However, it is impossible to hide from the fact that railway and assistance staff on the ground can and should be held to account for routinely failing to demonstrate a basic level of common sense and attentiveness when dealing with passengers with disabilities.

Take the classic example of wheelchair users being left behind — stranded on platforms or who have missed their stop on the train because assistance staff have failed to turn up with a ramp despite the passenger pre-booking assistance 24 hours in advance.

Such accounts are repeated time and time again by passengers with disabilities and are also included within the reports listed above.

At many of Britain’s smaller stations, this type of assistance is usually provided by the guard on board the train who is tasked with approaching the passenger and providing a ramp for boarding and alighting.

Consider the steps required for this process to go wrong.

At each station, the guard surveys the platform to check whether it is safe for the doors to close and the train to move off. If it is safe and clear, the guard indicates this with a blow of their whistle.

If there is a wheelchair user on the platform or an individual with reduced mobility, perhaps someone using a walking frame, train guards will almost always have spotted them as a scan of the platform is part of the safety protocol and such individuals certainly stand out.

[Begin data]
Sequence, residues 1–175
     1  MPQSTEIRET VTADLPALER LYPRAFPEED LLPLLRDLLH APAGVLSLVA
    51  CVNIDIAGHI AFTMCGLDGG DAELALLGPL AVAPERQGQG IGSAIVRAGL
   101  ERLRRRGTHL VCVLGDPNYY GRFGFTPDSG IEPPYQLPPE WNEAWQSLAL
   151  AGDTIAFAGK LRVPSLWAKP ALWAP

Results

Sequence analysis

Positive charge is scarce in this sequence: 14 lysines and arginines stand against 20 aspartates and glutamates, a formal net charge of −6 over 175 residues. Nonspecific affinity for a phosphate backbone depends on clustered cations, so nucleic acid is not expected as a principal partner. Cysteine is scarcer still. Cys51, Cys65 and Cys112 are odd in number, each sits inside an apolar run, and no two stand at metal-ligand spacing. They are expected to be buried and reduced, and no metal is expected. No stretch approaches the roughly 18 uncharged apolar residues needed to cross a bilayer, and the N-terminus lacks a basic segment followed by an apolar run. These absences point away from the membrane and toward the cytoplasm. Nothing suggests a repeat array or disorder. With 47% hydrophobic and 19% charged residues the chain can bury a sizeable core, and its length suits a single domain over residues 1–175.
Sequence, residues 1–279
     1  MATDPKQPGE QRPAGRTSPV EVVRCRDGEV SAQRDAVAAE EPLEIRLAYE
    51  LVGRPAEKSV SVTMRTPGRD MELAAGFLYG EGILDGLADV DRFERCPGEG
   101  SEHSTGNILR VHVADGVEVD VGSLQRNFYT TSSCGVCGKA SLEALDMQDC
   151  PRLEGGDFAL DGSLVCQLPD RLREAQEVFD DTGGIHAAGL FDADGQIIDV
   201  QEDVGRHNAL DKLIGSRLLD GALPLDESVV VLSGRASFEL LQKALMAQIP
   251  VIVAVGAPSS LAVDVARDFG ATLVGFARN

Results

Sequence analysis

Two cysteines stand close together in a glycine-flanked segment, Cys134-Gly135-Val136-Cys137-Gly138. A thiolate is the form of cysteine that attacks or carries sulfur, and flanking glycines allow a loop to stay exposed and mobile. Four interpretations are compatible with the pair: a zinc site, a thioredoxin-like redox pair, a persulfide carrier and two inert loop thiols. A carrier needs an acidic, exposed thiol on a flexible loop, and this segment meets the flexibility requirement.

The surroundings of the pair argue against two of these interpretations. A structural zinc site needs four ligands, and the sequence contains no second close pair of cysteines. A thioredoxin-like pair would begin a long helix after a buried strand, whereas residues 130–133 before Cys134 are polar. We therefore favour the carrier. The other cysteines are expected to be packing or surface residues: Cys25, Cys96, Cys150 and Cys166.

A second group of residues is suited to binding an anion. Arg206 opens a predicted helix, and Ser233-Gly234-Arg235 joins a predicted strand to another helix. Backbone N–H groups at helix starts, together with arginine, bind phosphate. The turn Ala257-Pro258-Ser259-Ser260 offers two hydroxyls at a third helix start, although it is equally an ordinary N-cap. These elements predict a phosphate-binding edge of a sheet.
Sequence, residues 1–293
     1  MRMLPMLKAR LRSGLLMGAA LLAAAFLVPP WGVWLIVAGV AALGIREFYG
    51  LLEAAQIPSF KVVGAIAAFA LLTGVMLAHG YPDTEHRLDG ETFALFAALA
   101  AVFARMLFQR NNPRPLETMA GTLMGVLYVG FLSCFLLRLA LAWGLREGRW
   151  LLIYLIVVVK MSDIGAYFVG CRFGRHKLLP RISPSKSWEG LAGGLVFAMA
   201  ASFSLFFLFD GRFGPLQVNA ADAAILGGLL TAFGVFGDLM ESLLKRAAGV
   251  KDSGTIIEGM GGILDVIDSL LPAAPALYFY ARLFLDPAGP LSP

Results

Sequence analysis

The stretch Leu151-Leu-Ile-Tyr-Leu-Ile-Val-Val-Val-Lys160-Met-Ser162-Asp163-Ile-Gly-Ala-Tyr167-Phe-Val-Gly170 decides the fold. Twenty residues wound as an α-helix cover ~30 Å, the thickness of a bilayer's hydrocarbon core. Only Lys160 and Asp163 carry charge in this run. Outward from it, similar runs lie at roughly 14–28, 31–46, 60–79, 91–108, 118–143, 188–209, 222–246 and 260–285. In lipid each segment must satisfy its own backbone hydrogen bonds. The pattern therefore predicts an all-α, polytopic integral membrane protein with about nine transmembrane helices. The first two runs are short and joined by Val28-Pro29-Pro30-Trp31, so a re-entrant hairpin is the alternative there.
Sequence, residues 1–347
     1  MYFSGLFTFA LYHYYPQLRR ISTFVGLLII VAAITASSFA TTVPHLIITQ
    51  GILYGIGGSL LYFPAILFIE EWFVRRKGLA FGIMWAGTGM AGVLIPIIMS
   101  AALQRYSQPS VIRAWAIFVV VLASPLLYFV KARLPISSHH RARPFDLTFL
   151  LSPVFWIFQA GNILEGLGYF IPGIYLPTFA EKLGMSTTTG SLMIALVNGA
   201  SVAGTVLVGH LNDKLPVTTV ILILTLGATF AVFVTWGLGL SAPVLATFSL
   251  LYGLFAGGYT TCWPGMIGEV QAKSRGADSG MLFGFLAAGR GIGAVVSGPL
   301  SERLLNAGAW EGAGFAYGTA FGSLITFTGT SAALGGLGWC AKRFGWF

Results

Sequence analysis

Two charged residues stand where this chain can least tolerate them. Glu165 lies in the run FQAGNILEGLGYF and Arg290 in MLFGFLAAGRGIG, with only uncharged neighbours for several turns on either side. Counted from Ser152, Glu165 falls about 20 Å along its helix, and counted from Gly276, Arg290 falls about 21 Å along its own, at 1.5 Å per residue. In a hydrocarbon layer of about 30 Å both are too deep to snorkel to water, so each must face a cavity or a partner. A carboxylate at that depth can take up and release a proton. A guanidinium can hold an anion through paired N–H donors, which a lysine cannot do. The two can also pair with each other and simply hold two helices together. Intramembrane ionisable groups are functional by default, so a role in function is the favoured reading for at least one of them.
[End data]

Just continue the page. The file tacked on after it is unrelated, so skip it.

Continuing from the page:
Mystifyingly, the guard appears to have made a conscious choice not to approach the disabled passenger and ask them if they require boarding assistance.

Even more astonishing are stories of wheelchair users being left on trains and missing their stop.

In these instances, the guard knows that the wheelchair user is on the train because they have seen them getting on. They may have been the person providing ramp assistance at the start of the journey and have presumably asked them what their destination stop is.

To then, not return to the carriage at the destination stop to check whether the passenger has been able to successfully alight, is frankly lazy at best and broadly negligent.

It would, of course, be unfair to tar all railway assistance staff with the same brush and some, undoubtedly, perform sterling work in tough conditions.

Yet, to deny that there is a widespread problem on Britain’s railways with servicing disabled passengers, or to make out that such issues are purely systematic is simply unrealistic and myopic.

Lost in the noise

Unfortunately, public transit is a perfect sphere for, whether one calls it oversight or ableism, to thrive. Environments are crowded, everyone is in a rush and things are happening at breakneck speed.

The last thing disabled passengers want to be seen as is the person holding everything up by making a big song and dance about their requirements. Regardless, in many instances, they are powerless to do so even if they wanted to.

RMT chief Mick Lynch said back in May, “The public does not want a de-humanised, AI-controlled, dystopian network, that severely disadvantages disabled people, the elderly and women travelling alone at night.”

He might be right about that.

However, if, with some organizational restructuring, AI combined with technology and infrastructure updates could help bring about greater accountability and empower new ways of independent travel that are less reliant on chance and subjective human error – then there might be more disabled passengers on board with such plans than Mr. Lynch might imagine.